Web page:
Turns out there's a pretty clear way up a little west of the stream that isn't apparent when you're looking from a distance. (General tip for Sphinx Creek basin: if you find a trail remnant, follow it; it never steered me wrong.) Once up this it's slabs and open forest (with smokey views back toward the valley) for a little ways. I got a little above the second valley, thinking maybe I could keep traversing upslope, but that's more trouble than it's worth and I wound up dropping back to near creek level.

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The forest & undergrowth get thicker as you get further into the second valley, and there's a wet jungle-ish stretch just before the next climb. Best bet is to bypass as much of this as possible by staying on the right (west), then traverse up the slopes to the right to get to the next level. Then it's fairly easy slopes up to the first lake.

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The swampy area on the map looks like a nice green meadow but it is, in fact, swampy, so as tempting as a shortcut looks it's better to go around it on the west. That sets you up for a nice gentle climb up the slabs, meeting up with the creek again and crossing it somewhere around the 10000' contour.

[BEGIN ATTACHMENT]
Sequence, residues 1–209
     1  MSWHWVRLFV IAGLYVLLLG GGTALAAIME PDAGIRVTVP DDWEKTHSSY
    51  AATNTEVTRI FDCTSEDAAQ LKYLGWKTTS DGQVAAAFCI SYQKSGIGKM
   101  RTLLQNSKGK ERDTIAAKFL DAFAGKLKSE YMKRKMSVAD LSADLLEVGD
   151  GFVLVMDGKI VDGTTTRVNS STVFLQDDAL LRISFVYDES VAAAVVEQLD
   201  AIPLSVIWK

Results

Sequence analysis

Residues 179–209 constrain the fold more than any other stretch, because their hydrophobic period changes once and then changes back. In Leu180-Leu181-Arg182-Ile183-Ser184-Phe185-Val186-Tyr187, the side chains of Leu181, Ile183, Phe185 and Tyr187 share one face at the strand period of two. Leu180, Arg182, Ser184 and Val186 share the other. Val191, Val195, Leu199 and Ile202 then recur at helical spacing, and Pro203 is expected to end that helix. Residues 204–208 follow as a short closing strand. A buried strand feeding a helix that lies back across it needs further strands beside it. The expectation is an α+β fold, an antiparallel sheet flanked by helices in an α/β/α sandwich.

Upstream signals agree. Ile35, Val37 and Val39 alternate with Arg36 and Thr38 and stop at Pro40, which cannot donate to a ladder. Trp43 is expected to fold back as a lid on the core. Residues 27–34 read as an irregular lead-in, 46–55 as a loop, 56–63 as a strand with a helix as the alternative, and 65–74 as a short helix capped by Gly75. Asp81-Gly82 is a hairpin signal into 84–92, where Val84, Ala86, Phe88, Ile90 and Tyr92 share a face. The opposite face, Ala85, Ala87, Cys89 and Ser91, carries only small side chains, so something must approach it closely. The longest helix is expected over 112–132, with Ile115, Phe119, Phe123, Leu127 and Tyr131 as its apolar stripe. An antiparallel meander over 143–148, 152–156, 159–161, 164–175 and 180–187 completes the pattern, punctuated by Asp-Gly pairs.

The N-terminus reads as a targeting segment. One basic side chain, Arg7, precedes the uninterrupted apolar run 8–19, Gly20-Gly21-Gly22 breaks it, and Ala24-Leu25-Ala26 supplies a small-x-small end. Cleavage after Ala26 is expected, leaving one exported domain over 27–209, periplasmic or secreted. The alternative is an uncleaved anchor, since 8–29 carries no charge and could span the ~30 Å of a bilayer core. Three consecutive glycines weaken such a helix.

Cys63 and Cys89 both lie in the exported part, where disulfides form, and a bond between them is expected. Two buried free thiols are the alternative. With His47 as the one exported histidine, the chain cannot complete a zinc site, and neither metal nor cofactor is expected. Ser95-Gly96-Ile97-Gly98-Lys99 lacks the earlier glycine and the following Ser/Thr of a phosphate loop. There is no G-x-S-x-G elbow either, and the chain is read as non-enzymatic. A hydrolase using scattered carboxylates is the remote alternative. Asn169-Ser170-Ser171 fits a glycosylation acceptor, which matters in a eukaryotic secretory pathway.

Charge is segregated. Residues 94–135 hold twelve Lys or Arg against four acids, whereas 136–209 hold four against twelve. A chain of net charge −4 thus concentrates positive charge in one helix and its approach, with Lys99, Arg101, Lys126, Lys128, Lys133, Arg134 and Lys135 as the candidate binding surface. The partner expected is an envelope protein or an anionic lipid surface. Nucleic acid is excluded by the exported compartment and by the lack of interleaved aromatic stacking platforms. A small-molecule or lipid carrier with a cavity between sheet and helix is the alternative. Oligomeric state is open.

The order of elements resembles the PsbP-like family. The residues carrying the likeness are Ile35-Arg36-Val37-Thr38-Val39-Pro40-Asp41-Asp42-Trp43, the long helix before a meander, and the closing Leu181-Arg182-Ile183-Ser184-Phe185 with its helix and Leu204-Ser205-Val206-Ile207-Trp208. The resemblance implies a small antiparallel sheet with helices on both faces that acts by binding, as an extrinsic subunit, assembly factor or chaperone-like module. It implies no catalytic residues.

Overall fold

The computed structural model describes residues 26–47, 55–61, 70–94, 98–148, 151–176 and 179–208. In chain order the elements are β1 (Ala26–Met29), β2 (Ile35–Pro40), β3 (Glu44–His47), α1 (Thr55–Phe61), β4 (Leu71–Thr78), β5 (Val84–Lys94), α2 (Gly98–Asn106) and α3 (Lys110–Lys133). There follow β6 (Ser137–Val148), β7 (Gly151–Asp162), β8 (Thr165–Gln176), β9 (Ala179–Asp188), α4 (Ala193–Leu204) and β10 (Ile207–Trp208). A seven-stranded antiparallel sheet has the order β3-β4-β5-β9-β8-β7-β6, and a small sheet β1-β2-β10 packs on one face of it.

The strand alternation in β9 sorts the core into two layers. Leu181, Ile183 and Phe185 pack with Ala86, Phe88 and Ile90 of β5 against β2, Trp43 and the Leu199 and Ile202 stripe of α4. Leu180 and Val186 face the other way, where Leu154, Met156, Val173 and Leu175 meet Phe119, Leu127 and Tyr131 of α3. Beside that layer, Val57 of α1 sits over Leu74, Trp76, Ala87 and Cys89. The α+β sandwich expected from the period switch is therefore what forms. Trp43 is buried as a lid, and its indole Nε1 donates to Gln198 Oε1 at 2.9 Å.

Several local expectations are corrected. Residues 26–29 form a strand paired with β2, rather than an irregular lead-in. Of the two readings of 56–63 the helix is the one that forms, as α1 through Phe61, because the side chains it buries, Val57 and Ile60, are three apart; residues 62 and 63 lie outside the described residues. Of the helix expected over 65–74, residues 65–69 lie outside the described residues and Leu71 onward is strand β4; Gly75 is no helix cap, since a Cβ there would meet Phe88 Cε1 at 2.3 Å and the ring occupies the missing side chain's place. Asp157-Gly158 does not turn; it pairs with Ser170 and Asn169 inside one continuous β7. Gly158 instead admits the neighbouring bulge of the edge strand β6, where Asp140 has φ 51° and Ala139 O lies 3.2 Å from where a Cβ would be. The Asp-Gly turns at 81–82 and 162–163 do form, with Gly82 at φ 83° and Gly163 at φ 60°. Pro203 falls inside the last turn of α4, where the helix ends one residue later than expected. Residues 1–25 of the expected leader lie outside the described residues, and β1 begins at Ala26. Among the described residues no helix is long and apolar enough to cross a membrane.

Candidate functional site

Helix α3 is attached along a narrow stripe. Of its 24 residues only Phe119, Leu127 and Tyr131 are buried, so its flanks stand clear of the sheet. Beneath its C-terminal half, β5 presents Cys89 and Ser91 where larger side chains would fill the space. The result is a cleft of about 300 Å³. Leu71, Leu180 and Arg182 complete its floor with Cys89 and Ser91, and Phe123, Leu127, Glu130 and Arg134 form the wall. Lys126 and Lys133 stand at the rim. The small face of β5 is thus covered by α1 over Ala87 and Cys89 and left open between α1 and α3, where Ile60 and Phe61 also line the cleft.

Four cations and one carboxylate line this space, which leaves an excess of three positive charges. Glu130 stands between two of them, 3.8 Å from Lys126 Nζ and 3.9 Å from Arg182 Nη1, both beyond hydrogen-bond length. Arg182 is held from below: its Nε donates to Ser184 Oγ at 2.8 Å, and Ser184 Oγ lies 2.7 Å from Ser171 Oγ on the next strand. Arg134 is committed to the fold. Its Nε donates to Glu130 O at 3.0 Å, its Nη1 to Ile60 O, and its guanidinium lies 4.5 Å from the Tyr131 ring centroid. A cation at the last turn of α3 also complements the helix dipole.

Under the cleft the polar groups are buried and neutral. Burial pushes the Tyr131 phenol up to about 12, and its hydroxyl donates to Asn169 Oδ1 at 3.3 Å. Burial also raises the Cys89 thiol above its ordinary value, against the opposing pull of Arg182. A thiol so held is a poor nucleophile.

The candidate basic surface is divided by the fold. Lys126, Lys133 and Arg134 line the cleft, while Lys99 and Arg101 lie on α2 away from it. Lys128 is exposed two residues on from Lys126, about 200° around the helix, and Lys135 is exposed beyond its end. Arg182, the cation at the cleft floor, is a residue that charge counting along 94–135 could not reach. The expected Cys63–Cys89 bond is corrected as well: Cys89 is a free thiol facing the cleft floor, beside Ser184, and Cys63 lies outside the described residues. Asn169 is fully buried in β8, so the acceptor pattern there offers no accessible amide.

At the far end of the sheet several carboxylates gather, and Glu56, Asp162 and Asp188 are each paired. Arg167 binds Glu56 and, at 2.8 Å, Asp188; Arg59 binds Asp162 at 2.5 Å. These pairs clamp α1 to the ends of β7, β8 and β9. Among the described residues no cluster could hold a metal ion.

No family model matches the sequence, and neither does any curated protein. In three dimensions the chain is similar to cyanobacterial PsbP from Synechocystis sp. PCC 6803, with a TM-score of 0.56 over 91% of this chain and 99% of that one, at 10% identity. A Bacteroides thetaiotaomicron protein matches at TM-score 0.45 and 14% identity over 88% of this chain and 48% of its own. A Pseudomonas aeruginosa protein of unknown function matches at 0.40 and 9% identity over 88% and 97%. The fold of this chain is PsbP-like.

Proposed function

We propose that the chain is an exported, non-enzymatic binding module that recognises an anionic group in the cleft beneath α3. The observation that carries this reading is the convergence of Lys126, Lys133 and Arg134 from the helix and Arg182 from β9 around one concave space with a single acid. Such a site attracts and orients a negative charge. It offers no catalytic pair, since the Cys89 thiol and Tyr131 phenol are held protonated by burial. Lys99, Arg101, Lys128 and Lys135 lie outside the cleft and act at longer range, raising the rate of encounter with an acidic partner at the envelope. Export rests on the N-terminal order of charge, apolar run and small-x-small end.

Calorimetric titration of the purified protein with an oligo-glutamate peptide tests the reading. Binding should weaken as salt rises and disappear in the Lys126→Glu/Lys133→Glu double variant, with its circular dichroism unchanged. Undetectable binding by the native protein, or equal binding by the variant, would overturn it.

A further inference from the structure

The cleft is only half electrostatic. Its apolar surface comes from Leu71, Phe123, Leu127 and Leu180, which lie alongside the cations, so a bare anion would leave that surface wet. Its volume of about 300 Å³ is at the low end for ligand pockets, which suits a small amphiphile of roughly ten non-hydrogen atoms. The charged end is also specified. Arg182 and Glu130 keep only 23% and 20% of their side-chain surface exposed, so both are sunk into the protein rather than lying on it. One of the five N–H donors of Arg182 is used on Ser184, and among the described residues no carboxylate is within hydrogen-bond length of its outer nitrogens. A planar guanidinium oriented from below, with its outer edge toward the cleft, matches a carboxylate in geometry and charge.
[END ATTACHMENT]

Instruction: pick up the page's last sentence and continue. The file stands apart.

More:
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I got to the second lake and then ended up backtracking slightly; the shortest way is to veer northeast just before you reach the lake. That takes you into a nice valley that leads east and up above the lake (and above the cliffs on the east side). You get to a meadowy flat around 10160 or so; here you want to veer right (south) to the low-angle slabs at the far side of the meadow. These slabs take you all the way to Lake 10514.

I set up camp in a little whitebark-and-foxtail grove a north of the western end of the lake, looking out on the lower Sphinx Creek basin and over to the Monarch Divide. (There are some really magnificent foxtail pines at Sphinx Lakes.) Couple of marmots spent a while checking me out, coming in closer than marmots usually do. Marmots are at their most hilarious when they're trying to be all stealthy and invisible. One was watching me from a crack in a boulder about 5 feet away and I just stared straight back at it. You aren't fooling me, adorable rodent!

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But just in case, I hung my pack from a whitebark branch. Chewed packstraps are generally considered sub-optimal.